A Beginner’s Guide to the Fascinating World of Cryptocurrency

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What is this hype around cryptocurrency? Why is everyone going gaga over it? Well, a cryptocurrency is a digital currency for the purchase of goods and services. The regulated currency ($, ₹, £) is converted into tokens, and by leveraging the decentralized blockchain methodology, users transact securely in the unregulated marketplace, such as casinos or the dark web.

Today, 2.8 million to 5.8 million global cryptocurrency users publicly trade in more than 4810 (CoinMarketCap entries) different cryptocurrencies. The exponential success of this virtual currency is credited to Bitcoin (BTC)—the world’s largest cryptocurrency. The total crypto market volume of April 22, 2021, is $206.31B. In India, as of Apr 22, 2021, 1 Bitcoin equals INR 40,22,284.91! 

Top 5 Most Common Cryptocurrencies

Bitcoin (BTC)

Founded in 2009, Bitcoin is a digital asset and considered to be the world’s largest cryptocurrency. It offers low transaction costs compared to conventional methods and runs on decentralized jurisdiction, unlike government-based currencies. There is no physical form of bitcoins; instead, balance sheets are stored on a public platform, which anyone can access. A huge amount of computational power is used to verify all bitcoin transactions. Presently, there are over 18.5 million Bitcoin tokens in existence. 

Bitcoin Cash (BCH)

Founded in August 2017, it is one of the earliest and most popular hard forks of the original Bitcoin. Bitcoin Cash (BCH) holds a significant position in the evolution of altcoins. In the cryptocurrency network, a fork occurs due to disagreements and debates between the developers and miners. When oppositions aren’t on the same page, the digital assets are divided between both parties. One chain stays true to the original code, and the new chain starts as a revamped version of the old chain.

Ethereum (ETH)

Launched in 2014, Ethereum is a decentralized software platform that allows Smart Contracts and Decentralized Applications (DApps) to be developed and operated without the need for third-party intervention, downtime, fraud, or power. The essence of Ethereum is to develop a decentralized space of financial by-products that can be accessed by anyone in the world irrespective of their nationality. 

Litecoin (LTC)

Litecoin debuted in 2011 as one of the first cryptocurrencies to follow Bitcoin. An MIT graduate and ex-Google engineer, Charlie Lee, designed Litecoin, considered the “silver to Bitcoin’s gold.”  Based on an open-source worldwide trading platform, there’s no central governing body for Litecoin. It uses “scrypt” algorithms decrypted by consumer-grade CPUs and a higher block generation rate for faster transaction confirmation time when compared to Bitcoin. 

PolkaDot (DOT)

PolkaDot, created by Gavin Wood, is a one-of-a-kind proof-of-stake cryptocurrency that aims to provide blockchain interoperability. Its protocol connects permissioned and permissionless blockchains, including oracles, enabling networks to collaborate under the same roof. The distinct feature of PolkaDot is its relay chain, which provides interoperability.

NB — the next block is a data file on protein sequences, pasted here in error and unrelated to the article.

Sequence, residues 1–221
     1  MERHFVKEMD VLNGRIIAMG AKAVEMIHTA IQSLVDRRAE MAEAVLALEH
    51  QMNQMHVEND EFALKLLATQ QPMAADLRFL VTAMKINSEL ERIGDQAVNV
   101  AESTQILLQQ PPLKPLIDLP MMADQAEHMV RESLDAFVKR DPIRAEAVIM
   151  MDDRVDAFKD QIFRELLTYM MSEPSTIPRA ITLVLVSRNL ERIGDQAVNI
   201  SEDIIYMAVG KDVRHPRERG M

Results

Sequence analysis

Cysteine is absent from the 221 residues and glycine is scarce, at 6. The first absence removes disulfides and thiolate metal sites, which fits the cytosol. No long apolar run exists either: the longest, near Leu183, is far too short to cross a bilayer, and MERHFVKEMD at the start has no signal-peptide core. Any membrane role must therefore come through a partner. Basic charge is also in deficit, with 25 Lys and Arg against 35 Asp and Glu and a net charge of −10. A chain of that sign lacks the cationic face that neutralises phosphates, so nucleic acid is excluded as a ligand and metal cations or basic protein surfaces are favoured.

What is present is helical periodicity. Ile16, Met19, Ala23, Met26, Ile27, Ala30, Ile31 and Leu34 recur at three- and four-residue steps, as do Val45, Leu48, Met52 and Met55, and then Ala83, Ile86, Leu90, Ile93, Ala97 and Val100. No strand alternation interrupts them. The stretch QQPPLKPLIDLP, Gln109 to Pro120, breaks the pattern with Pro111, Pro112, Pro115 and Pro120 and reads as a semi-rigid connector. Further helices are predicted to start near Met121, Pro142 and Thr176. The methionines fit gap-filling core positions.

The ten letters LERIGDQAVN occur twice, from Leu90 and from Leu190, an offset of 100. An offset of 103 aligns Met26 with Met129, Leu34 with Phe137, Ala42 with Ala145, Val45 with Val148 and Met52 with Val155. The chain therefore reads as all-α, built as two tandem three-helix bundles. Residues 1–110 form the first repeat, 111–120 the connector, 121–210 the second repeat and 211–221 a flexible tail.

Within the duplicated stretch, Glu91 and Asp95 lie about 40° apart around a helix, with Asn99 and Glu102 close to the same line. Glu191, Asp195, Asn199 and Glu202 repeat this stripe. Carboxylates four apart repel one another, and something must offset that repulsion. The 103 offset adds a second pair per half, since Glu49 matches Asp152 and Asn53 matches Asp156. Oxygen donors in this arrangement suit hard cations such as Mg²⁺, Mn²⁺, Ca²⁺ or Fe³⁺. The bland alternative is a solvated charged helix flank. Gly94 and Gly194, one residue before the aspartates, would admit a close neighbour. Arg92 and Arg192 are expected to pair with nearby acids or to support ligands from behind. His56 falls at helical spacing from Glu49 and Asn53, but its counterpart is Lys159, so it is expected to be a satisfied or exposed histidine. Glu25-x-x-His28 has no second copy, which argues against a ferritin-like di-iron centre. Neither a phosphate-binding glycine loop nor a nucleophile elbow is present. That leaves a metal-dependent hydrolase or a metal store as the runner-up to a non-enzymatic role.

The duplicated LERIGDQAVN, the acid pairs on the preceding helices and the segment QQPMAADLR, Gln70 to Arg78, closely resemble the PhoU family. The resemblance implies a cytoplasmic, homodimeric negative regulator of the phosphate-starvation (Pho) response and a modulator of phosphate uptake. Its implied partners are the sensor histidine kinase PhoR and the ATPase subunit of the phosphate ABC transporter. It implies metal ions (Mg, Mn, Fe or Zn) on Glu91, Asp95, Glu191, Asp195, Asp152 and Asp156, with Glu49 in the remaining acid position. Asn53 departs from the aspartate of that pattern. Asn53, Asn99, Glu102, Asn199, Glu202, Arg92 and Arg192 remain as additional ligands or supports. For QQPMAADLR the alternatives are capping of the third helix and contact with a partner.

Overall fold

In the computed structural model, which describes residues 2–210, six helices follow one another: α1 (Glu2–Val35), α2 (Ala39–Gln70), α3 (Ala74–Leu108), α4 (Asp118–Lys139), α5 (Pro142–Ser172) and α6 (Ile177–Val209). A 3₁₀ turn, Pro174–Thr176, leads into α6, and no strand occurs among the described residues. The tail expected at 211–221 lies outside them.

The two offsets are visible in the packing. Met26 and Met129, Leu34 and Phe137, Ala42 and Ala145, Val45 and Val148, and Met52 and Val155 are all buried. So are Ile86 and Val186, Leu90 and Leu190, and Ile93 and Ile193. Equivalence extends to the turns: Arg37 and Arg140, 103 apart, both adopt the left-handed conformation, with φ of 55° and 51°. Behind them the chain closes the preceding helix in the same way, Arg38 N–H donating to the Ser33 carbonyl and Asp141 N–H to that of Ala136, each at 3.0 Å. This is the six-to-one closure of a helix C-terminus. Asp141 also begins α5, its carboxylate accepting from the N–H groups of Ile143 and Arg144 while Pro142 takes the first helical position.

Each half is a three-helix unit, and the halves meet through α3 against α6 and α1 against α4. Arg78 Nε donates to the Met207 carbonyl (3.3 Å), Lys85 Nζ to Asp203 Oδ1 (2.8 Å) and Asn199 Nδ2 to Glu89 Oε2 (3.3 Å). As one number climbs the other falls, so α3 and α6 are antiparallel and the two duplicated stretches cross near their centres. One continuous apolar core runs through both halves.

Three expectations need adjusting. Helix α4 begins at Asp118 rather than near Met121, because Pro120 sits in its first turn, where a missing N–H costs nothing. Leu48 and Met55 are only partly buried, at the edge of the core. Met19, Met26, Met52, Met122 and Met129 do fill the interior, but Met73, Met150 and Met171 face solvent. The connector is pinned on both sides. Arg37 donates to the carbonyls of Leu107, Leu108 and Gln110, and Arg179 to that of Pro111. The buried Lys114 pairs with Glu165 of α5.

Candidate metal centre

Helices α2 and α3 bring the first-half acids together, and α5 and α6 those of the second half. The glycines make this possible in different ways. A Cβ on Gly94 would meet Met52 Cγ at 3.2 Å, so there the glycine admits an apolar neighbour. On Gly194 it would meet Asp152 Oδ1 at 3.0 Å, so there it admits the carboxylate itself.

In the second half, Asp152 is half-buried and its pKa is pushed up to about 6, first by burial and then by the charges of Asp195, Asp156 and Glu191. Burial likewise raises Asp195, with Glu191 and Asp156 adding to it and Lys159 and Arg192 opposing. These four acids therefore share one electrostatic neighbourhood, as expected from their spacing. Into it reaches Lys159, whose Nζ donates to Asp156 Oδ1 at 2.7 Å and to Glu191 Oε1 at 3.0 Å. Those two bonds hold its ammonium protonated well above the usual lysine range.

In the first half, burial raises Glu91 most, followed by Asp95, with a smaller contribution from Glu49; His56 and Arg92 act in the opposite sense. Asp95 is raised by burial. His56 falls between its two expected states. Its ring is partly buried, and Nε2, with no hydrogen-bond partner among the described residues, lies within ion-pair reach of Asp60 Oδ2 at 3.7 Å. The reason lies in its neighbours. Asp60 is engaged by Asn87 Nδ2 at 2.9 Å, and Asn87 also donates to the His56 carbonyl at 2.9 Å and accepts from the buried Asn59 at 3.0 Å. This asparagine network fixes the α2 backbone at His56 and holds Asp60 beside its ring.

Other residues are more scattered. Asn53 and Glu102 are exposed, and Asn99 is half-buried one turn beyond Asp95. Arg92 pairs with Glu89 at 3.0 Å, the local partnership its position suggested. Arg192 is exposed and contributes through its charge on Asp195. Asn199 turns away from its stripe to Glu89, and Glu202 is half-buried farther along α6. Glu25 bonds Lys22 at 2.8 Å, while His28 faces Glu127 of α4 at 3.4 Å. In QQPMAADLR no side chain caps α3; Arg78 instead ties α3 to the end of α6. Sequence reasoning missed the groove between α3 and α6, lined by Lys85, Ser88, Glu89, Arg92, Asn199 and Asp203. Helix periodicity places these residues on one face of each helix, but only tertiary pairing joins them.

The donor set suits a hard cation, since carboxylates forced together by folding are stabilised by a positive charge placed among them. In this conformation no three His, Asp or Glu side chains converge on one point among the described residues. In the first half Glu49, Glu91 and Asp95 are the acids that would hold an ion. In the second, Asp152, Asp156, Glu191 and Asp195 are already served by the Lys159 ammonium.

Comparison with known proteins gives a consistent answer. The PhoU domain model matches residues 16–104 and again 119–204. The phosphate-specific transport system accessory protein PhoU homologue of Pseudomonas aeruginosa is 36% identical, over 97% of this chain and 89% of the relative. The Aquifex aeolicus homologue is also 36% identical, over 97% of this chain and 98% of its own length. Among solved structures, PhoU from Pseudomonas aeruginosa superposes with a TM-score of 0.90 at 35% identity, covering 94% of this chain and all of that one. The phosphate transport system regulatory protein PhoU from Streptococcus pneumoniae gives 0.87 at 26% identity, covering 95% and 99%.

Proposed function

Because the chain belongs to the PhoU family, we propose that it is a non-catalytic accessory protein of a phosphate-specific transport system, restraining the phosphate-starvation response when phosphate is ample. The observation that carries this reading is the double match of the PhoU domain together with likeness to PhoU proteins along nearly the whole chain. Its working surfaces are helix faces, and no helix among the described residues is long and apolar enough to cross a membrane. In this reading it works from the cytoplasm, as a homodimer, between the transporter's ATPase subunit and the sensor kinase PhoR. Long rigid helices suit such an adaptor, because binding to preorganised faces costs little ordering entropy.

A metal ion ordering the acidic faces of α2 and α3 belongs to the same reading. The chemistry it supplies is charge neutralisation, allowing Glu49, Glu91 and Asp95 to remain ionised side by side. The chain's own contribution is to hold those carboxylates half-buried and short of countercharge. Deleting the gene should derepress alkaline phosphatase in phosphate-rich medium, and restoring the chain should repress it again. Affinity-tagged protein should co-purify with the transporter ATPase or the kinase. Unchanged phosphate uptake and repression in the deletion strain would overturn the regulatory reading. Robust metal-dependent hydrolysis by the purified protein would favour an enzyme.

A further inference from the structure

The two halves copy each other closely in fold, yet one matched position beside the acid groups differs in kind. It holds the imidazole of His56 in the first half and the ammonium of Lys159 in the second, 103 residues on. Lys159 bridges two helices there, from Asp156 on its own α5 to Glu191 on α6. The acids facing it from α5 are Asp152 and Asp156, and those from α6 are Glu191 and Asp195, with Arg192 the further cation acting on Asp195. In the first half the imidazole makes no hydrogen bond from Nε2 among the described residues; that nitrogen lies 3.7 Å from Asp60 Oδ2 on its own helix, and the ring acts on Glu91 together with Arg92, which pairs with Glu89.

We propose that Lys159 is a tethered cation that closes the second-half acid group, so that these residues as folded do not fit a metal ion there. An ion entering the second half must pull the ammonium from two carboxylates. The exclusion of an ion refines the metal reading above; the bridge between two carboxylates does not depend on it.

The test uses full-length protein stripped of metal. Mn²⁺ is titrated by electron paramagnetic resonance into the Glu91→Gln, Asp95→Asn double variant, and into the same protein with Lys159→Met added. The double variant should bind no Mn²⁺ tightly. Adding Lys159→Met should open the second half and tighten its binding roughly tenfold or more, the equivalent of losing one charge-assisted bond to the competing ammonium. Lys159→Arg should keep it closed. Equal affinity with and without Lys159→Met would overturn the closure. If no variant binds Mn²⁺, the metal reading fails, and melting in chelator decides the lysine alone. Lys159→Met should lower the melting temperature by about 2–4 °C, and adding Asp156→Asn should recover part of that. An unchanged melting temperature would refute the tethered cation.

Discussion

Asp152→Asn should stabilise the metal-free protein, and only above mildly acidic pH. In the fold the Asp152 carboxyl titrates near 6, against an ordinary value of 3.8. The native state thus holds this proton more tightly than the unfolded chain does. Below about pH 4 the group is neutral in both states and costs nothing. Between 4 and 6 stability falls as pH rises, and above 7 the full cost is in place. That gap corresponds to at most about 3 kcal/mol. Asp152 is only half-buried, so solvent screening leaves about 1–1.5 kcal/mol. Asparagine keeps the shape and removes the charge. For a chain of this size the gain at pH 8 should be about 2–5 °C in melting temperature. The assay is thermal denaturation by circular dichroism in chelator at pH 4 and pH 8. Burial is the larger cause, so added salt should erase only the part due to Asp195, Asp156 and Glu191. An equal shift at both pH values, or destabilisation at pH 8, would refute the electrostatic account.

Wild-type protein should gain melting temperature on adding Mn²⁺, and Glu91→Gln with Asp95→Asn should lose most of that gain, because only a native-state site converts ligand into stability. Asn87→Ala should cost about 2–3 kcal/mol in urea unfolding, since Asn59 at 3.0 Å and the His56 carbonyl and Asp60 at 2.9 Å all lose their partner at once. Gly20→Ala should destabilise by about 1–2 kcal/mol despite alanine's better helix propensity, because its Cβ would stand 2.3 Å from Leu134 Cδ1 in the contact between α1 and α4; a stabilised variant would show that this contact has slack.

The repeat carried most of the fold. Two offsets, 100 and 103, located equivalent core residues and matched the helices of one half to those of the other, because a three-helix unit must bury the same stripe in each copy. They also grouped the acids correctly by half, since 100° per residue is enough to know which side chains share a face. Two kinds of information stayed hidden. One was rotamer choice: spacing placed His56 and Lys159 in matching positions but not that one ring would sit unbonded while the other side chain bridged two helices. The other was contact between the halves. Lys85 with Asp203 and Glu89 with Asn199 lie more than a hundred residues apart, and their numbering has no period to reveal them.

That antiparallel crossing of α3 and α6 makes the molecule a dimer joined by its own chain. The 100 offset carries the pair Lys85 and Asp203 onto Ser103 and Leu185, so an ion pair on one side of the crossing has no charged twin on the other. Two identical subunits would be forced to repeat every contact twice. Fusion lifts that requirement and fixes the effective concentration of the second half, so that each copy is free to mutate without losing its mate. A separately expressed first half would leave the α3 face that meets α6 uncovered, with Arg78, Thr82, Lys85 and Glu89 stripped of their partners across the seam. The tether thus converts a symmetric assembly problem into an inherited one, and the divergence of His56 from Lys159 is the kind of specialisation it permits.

Cryptocurrency: Legal Acceptance around the World

AMERICA does not approve of cryptocurrency as a legal tender. The Financial Crimes Enforcement Network (FinCEN) recognizes cryptocurrency exchanges as money transmitters.

AUSTRALIA approved cryptocurrencies as a legal tender in 2017. Australia has enforced strict laws around cryptocurrencies, digital currencies, and cryptocurrency exchanges for secure transactions.

CANADA does not recognize cryptocurrency as a legal tender, while digital currencies are allowed for transactions. Income Tax Act and other Canadian tax laws and policies correspond to crypto payment methods.

INDIA does not consider cryptocurrencies a legal tender and plans a carpet ban on the virtual trading crypto-assets that the government thinks will finance illegitimate activities.

JAPAN legalized cryptocurrency in 2017. As one of the world’s most progressive nations, Japan recognizes Bitcoin and other virtual currencies as legal under the Payment Services Act (PSA). 

RUSSIA got President Vladimir Putin to sign a regulatory bill for cryptocurrencies in August 2020, which grants cryptocurrency legal status but forbids its usage as a payment method.

UKRAINE has vague policies regarding cryptocurrency, but they do not consider it illegal. Many organizations and independent firms use Bitcoin as an investment asset or as a payment tool.

CHINA, BOLIVIA, and ICELAND– These nations have prohibited the use of cryptocurrencies on all fronts. According to the laws in place, individuals committing crypto transactions will face harsh punishments.

Cryptocurrencies have the potential to make it a hassle-free process to move money/funds between various organizations without the interference of a third party such as a bank or credit card company. Skepticism is a valuable approach regarding a new product or service, but let that not limit your risk appetite, given that the most progressive nations of the world have already embraced cryptocurrencies. As discussed already, crypto transactions are protected by public and private keys and various reward schemes such as Proof of Work and Proof of Stake.

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